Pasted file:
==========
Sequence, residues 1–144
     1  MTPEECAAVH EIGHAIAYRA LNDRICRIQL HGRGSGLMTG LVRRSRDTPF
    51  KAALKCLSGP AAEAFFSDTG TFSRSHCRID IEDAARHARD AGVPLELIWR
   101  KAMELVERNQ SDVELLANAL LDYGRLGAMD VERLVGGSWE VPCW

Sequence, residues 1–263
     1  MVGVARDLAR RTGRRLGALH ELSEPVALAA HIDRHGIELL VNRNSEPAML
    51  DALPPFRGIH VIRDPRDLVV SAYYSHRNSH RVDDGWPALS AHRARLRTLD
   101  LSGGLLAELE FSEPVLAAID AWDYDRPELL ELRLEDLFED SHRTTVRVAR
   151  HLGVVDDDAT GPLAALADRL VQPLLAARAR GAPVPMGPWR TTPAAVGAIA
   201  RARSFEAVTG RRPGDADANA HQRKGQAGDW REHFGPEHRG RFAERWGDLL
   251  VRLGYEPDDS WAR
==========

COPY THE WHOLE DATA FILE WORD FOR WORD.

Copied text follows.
Sequence, residues 1–144
     1  MTPEECAAVH EIGHAIAYRA LNDRICRIQL HGRGSGLMTG LVRRSRDTPF
    51  KAALKCLSGP AAEAFFSDTG TFSRSHCRID IEDAARHARD AGVPLELIWR
   101  KAMELVERNQ SDVELLANAL LDYGRLGAMD VERLVGGSWE VPCW

Sequence, residues 1–263
     1  MVGVARDLAR RTGRRLGALH ELSEPVALAA HIDRHGIELL VNRNSEPAML
    51  DALPPFRGIH VIRDPRDLVV SAYYSHRNSH RVDDGWPALS AHRARLRTLD
   101  LSGGLLAELE FSEPVLAAID AWDYDRPELL ELRLEDLFED SHRTTVRVAR
   151  HLGVVDDDAT GPLAALADRL VQPLLAARAR GAPVPMGPWR TTPAAVGAIA
   201  RARSFEAVTG RRPGDADANA HQRKGQAGDW REHFGPEHRG RFAERWGDLL
   251  VRLGYEPDDS WAR